Sharks are some of the most ancient, powerful, and majestic creatures in the world. They have been on this earth for over 450 million years and have survived 5 mass … Read more
There are estimated to be 22,000-31,000 polar bears left in the world. This may sound like a lot, but populations are declining fast due to a range of threats including … Read more
Sea turtles have been around for 110 million years. Yet, all of the 7 sea turtle species alive today are threatened with extinction. Sea turtles face a number of threats including poaching, habitat destruction, climate change, and harmful commercial fishing practices. Furthermore, the survival rate of sea turtle hatchlings today is just 1 in 1,000. Thankfully, many charities have recognized the need for drastic change and are working to protect these prehistoric creatures. So we had to ask: What are the best charities for protecting sea turtles?
Depression affects 21 million people in the US alone, equaling 8.4% of the population. At its worst, depression can lead to suicide, which causes 700,000 deaths every year. Depression is treatable, but many people still suffer in silence due to the stigma that surrounds the condition or because of a lack of available support. Fortunately, charities around the world are working hard to provide these people with the vital guidance they need to treat their depression. So we had to ask: What are the best charities that fight depression?
Fast food restaurant Initiatives such as net-zero restaurants have gained a lot of admiration for being proactive solutions to the worldwide environmental crisis. However, many people claim their climate solutions are meaningless and the benefits are exaggerated (also known as greenwashing). So we had to ask: Which fast food chains are really trying to lower their environmental footprint?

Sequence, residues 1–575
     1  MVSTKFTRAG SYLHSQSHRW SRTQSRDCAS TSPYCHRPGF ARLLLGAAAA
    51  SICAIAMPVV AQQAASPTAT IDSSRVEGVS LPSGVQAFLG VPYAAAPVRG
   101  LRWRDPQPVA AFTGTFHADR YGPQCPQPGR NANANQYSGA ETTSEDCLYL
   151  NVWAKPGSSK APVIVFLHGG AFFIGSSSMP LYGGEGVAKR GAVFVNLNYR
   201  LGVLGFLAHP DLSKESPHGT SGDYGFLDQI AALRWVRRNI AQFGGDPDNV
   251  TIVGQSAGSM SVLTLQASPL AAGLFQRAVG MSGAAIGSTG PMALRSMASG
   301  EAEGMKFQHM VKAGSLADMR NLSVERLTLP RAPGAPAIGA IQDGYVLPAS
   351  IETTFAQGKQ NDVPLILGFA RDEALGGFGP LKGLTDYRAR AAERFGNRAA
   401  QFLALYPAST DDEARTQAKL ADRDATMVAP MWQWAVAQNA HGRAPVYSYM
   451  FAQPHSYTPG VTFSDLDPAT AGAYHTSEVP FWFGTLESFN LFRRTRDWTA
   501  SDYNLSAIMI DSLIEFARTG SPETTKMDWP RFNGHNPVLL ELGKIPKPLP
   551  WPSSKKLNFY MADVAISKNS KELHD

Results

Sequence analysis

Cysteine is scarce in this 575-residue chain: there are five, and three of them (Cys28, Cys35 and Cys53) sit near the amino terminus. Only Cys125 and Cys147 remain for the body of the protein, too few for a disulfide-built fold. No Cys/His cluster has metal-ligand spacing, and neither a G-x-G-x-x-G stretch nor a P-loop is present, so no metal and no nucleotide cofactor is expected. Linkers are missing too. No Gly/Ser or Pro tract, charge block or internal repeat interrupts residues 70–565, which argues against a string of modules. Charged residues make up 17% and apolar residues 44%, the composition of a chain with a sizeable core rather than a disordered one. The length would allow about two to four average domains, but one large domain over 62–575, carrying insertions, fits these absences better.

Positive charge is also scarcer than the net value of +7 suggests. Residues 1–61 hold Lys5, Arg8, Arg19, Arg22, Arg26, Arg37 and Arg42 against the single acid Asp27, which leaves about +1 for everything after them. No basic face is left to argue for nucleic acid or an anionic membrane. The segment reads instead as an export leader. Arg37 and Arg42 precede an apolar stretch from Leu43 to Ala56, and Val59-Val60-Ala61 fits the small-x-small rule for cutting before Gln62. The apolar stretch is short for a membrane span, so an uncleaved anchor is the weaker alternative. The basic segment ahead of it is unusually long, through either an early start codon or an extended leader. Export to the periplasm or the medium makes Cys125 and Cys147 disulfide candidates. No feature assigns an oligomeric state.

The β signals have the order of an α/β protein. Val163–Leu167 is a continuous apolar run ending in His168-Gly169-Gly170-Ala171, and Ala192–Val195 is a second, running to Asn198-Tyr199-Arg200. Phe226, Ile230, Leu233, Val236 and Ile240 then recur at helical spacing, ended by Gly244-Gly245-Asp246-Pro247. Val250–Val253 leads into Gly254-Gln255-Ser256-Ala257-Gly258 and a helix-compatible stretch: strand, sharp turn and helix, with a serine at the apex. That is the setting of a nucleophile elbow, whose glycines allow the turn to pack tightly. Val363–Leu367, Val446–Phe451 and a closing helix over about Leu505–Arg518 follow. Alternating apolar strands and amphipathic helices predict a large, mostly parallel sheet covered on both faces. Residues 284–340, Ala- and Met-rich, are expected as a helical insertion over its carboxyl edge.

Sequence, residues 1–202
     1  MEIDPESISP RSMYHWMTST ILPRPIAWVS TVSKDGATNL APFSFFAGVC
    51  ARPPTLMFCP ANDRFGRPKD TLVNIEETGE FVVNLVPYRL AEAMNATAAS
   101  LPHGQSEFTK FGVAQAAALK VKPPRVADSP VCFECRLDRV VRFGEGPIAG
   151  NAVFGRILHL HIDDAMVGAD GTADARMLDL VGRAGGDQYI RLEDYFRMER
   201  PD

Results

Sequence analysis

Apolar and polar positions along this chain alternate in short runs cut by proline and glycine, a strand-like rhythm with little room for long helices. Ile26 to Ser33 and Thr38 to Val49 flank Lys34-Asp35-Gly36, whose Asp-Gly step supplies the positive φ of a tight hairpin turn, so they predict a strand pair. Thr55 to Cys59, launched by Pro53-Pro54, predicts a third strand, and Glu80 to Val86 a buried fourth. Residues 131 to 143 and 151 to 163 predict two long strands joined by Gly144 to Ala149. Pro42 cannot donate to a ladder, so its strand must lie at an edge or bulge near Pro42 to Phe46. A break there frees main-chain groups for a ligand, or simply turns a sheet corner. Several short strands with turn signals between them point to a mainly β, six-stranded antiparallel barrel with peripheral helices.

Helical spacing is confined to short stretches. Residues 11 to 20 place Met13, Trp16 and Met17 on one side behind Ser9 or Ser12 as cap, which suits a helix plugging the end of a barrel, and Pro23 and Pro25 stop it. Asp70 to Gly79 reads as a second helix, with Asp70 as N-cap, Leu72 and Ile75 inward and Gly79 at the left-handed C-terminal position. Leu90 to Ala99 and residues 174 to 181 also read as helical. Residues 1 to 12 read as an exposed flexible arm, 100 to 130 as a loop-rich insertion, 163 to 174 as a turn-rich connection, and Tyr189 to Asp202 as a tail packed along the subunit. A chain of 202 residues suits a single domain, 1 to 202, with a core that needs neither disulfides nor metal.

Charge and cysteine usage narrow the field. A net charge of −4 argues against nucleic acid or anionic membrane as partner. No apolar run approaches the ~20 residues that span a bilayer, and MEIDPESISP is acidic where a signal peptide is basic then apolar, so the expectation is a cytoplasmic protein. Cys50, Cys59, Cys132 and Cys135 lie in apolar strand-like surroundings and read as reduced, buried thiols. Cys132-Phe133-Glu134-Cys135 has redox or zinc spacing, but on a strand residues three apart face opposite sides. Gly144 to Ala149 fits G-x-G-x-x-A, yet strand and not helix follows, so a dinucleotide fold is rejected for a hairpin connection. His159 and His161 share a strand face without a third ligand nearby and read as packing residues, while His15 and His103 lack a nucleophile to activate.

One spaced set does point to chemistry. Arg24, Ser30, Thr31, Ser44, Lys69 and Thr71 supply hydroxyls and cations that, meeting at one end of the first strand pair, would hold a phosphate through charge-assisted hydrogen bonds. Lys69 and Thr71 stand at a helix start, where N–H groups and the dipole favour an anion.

Over 111 million unintended pregnancies and 35 million unsafe abortions occur every year because vulnerable individuals are unable to access professional reproductive healthcare. Additionally, 1 in 4 women in developing countries struggle with infertility, yet they can’t get IVF treatments due to high costs and limited availability. Charities worldwide are now fighting for the right of every woman to make choices about her own body. So we had to ask: What are the best charities that fight for reproductive rights?
Children from low-income backgrounds and those living in fragile, conflict-affected countries are twice as likely to be out of school. Furthermore, 129.2 million girls worldwide are denied an education due to gender discrimination and financial worries. Charities around the world are working tirelessly to ensure that every child has equal access to a good education so they can improve their lives. So we had to ask: What are the best charities that fight for education globally?
Around 62,000 adults are diagnosed with pancreatic cancer in America every year. The 5-year survival rate is just 11%, making it the 4th leading cause of cancer deaths worldwide. Charities around the world are now taking action to combat this deadly disease and provide hope for pancreatic cancer patients. So we had to ask: What are the best charities that fight pancreatic cancer?
Over half of the world’s land is now used for agriculture and human settlement. Just 10% is covered by glaciers and 19% is barren land. This leaves just 37% for rainforests and grasslands. Nature is declining at an alarming rate – threatening all life on this planet. However, charities are now working hard to tackle this crisis and restore our natural lands. So we had to ask: What are the best charities for protecting nature?
Nearly 11 million children live below the poverty line in America. When they reach adolescence, only 10% of them graduate, compared to 50% of youth from high-income families. Youth of color and members of the LGBTQ community are also often disadvantaged when it comes to accessing vital opportunities. However, charities are working hard to give these youths the chance they deserve. So we had to ask: what are the best charities to help disadvantaged youth?